Stealth technology used by owls to help them swoop on prey undetected could hold lessons for engineers, say researchers.
Scientists from Dalian University of Technology in China used lasers and high-speed cameras to analyse and compare long-eared owl, eagle and pigeon feathers during flight.
While all three had a similar flapping style the researchers discovered that the feathers of the owls were able to both absorb aerodynamic sound caused by the wing travelling through the air as well as suppress the vibrations that occur when a bird flaps its wings.
They do this by extracting mechanical energy and convert it into heat resulting in near perfect silence as the bird approaches its prey.
Lead researcher Professor Jinkui Chu said: "Many owls have a unique and fascinating ability to fly so silently that they are out of their prey's hearing range, due to their feather structure. This behaviour has long been of interest to engineers, as we seek to apply the owl's noise-reduction mechanisms to other purposes and situations that benefit society.
"Now, however, we know the owls' silent flight ability is even more superior than we thought. You could say of all birds it is the 'king of acoustic stealth'. It not only manages to suppress aerodynamic noise when gliding, but also mechanical noise caused by vibration during flying.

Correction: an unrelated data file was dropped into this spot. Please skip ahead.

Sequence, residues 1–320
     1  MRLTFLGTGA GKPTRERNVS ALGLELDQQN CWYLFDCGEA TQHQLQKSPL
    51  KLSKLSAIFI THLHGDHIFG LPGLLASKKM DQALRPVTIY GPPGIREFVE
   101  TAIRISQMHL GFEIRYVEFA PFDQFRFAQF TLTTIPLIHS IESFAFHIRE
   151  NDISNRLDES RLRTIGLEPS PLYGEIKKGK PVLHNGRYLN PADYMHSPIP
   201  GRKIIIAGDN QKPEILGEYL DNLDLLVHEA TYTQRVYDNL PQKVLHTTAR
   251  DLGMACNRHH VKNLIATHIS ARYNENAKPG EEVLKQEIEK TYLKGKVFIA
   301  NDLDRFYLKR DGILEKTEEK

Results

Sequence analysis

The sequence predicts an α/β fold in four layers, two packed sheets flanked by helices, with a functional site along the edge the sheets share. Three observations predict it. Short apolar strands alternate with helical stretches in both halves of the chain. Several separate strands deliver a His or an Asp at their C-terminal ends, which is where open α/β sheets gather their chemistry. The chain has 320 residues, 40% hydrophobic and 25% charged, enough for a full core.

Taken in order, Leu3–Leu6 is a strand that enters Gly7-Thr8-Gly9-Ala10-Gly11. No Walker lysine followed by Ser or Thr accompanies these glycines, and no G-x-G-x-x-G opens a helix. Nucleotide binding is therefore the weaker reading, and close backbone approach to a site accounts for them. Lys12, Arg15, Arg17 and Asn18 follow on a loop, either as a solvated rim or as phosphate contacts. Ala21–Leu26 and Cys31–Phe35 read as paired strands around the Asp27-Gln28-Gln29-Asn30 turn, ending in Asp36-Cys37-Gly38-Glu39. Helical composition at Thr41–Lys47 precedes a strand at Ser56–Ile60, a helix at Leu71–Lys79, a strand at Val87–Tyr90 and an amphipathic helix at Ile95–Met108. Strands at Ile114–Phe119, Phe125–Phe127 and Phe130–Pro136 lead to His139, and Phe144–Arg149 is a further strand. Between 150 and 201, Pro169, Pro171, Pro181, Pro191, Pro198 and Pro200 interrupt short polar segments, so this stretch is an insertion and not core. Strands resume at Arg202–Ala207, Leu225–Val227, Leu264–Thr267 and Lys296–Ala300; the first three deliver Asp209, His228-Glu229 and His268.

"This is remarkable, considering the sudden jumping, bending and twisting the wings are subjected to when flapping and the noise that creates for other birds. In the scientific world, the process used to eliminate this mechanical noise is called 'damping' - which means the extraction of mechanical energy from a vibrating system usually by converting it into heat and allowing it to remain steady.
"Our research showed the Long Eared Owl has superior 'damping' skill, meaning it can remain mind-blowingly stable and eliminate mechanical noise caused by the movement of its feathers - quite a feat of engineering."
He added: "This study will hopefully provide further insight into the owls' silent flight mechanism and help engineers develop ideas for special materials or structures, such as on-shore wind turbines, where similar noise elimination can be applied."
The research is published in the Institution of Civil Engineers' Journal Bioinspired, Biomimetic and Nanobiomaterials.